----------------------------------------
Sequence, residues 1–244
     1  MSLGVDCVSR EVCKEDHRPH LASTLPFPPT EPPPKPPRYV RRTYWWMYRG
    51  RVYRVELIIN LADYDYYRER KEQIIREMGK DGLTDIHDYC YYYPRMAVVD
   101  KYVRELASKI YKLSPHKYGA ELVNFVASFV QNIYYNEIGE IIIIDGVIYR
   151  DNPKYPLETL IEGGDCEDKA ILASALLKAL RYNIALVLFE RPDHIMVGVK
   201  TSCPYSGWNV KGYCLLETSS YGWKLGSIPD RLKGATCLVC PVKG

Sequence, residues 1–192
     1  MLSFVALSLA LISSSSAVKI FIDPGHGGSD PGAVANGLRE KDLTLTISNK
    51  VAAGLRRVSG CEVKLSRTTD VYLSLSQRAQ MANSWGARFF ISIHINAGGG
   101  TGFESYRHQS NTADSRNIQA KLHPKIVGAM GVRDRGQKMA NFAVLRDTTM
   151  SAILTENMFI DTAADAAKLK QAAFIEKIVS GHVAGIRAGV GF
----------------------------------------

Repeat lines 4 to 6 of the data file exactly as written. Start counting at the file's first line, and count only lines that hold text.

   101  KYVRELASKI YKLSPHKYGA ELVNFVASFV QNIYYNEIGE IIIIDGVIYR
   151  DNPKYPLETL IEGGDCEDKA ILASALLKAL RYNIALVLFE RPDHIMVGVK
   201  TSCPYSGWNV KGYCLLETSS YGWKLGSIPD RLKGATCLVC PVKG